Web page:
"It is not from the benevolence of the butcher, the brewer, or the baker that we expect our dinner, but from their regard to their own interest." - Adam Smith
Good reporting from MedPage Today – demonstrating once again that, when it comes to lowering healthcare costs and improving healthcare outcomes, the free market trumps Big Government.
More Choice More Common in Medicaid Plans
States are increasingly moving to privatized managed care programs for their Medicaid recipients as state lawmakers look to change the safety-net system despite objections from naysayers, members of Congress were told Monday.
Kansas, Louisiana, and, most recently, Florida have received federal OKs to offer expanded managed care programs that allow patients to choose from a list of plans with varying benefits.
"The states set the floor of the benefits on those plans, but then the plans can add additional benefits on top of that using the savings they create by better coordinating care," Tarren Bragdon, chief executive of Foundation for Government Accountability, a conservative think tank in Naples, Fla, said after .
Privatized plans include traditional Medicaid managed care programs and provider-driven plans. Florida, which had its federal waiver approved last month, offered 13 plans and 31 benefit packages in its five-county pilot program, Bragdon said.
"Patients like this choice, with 70% to 80% of Medicaid patients proactively choosing the plan rather than being automatically assigned to one," .
States spend between a quarter and a third of their budgets on Medicaid, surpassing the amount spent on education, and they can expect that amount to grow under the Affordable Care Act's expansion program, which opens the program up to all those making up to 138% of the federal poverty level.
States like Florida, Louisiana, and Kansas can expect to save money, Bragdon said, making states like North Carolina, Texas, and Utah consider similar moves. The states believe they can generate greater savings through managed care for more expensive patient groups like the elderly and disabled.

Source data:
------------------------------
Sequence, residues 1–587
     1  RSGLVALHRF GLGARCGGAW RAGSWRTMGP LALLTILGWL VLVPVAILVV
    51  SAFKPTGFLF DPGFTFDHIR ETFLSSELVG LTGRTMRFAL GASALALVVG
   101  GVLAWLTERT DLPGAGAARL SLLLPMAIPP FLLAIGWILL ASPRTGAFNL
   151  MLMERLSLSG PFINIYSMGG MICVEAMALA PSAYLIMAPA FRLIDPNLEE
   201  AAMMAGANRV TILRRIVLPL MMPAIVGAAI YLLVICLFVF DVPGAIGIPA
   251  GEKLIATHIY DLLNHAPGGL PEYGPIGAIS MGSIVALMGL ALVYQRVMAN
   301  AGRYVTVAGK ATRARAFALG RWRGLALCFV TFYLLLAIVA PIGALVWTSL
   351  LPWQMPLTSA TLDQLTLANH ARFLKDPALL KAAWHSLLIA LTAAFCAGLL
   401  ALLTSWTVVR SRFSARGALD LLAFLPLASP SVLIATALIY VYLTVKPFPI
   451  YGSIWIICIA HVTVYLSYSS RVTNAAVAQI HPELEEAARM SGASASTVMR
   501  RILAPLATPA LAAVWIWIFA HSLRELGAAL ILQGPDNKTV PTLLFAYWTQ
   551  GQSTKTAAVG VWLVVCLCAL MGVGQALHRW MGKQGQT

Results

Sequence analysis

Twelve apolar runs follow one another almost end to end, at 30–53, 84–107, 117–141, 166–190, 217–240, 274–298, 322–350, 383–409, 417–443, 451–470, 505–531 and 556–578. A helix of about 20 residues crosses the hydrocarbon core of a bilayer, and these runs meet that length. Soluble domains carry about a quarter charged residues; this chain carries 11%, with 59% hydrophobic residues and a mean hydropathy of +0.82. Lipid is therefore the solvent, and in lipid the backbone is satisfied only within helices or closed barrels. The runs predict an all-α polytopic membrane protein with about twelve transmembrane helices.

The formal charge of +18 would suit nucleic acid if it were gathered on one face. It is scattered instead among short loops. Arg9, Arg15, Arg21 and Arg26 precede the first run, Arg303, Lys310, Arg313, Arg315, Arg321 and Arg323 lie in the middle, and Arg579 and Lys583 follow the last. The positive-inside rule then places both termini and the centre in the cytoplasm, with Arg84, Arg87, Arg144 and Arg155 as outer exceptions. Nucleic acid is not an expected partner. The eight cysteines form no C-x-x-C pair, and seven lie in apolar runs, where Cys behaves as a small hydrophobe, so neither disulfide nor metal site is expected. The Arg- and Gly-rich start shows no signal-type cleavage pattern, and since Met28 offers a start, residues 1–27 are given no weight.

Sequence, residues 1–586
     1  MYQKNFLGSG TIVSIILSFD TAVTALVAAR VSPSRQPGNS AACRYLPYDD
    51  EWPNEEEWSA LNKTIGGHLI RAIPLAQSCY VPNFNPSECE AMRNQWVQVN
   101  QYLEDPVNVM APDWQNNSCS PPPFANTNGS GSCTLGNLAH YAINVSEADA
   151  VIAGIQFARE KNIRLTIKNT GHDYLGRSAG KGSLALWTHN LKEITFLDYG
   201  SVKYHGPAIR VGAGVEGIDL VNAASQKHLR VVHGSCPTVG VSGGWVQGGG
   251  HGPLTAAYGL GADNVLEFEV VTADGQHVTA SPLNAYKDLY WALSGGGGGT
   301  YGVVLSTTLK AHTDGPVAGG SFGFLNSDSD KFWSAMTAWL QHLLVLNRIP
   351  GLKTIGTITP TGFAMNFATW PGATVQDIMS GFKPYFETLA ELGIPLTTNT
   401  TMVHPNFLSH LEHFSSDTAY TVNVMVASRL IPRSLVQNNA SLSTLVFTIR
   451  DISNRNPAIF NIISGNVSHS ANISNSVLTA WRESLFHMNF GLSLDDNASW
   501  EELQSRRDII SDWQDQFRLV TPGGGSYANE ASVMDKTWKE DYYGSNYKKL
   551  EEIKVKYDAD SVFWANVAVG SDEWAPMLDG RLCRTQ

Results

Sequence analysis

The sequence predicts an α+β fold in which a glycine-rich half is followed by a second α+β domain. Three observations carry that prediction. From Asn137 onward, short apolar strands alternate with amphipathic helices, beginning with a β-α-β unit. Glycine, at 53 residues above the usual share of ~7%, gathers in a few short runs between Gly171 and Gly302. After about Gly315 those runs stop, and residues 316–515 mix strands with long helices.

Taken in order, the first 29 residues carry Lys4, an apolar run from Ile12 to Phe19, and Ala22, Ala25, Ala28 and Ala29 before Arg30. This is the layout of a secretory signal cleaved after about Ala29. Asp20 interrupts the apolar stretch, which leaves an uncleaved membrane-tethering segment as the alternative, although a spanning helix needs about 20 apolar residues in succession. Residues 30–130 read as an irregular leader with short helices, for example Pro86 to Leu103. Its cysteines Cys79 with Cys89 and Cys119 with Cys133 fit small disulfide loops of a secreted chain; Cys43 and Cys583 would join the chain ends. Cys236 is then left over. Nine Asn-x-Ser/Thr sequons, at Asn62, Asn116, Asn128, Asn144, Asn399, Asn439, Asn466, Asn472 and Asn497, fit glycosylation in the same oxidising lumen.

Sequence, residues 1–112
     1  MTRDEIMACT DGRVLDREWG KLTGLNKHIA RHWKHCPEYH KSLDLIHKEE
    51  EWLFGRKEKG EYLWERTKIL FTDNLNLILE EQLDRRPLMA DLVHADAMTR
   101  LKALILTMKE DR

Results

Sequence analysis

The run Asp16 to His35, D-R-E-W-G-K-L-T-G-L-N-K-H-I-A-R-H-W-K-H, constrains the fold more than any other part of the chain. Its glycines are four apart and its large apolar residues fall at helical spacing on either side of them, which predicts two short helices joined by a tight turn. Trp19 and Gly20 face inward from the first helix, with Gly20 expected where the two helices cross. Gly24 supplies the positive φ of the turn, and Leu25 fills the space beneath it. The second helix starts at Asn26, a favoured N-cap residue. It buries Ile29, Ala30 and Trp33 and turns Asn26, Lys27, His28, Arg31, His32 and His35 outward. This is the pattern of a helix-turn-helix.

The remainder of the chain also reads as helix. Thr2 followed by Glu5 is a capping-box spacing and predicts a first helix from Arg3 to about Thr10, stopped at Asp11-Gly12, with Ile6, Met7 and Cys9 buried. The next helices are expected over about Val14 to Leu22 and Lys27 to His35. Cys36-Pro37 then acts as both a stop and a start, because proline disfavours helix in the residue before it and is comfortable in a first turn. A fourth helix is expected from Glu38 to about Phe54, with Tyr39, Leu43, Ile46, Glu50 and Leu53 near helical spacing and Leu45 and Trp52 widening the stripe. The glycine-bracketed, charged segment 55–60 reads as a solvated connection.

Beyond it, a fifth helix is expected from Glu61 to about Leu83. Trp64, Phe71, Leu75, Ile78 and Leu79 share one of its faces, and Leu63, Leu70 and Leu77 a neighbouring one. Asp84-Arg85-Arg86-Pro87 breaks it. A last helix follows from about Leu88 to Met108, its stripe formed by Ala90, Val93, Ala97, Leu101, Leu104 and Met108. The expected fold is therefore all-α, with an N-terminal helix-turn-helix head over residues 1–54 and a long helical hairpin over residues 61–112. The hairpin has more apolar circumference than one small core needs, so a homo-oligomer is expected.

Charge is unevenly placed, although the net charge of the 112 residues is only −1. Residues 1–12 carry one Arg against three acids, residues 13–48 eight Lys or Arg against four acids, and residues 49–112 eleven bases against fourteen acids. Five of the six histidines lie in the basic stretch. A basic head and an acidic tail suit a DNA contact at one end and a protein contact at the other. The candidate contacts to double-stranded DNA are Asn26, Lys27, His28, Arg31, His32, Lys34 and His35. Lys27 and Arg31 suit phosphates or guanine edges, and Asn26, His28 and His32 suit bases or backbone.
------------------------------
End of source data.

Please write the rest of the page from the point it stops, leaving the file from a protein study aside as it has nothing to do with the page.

The plans have risk-adjusted capitated rates so they earn more money to enroll sicker patients and have incentives to improve patients' health, Bragdon said. Competing for enrollment, plans are forced to improve benefit packages and improve access to specialists. Plans must publicly report outcomes and conduct consumer-satisfaction surveys annually.
In Louisiana, patients have the choice to opt back to traditional Medicaid. But of 900,000 Medicaid patients, only 3,000 took that option.
"The Florida reform pilot outperformed on health outcomes in 64% of the cases," Bragdon said.
But opponents of privatizing Medicaid cite a lack of accountability over the plans.
"The pilot program for Medicaid privatization [in Florida] was known as a real disaster," Rep. Kathy Castor (D-Fla.) said during Monday's hearing. "The state's own study condemned the results."
Several plans dropped out of the pilot citing an inability to make money, and patients complained of bouncing from plan to plan creating lapses in care.
She called the final waiver approved for the state-wide program "night and day" different from the pilot. The statewide program has new consumer protections, penalties for providers who back out, and medical loss ratios, Castor said.
"While these programs have been controversial in some instances, they reflect a desire by states to utilize care coordination and care management methods and move away from Medicaid's fee-for-service history," Alan Weil, .
All but three states have at least some Medicaid managed care in their state, and Weil said two-thirds of Medicaid patients receive most or all of their benefits through managed care.
"States are increasingly relying on mandatory managed care programs in Medicaid for more complex populations such as children with special healthcare needs and people of all ages with a variety of healthcare needs," Weil said.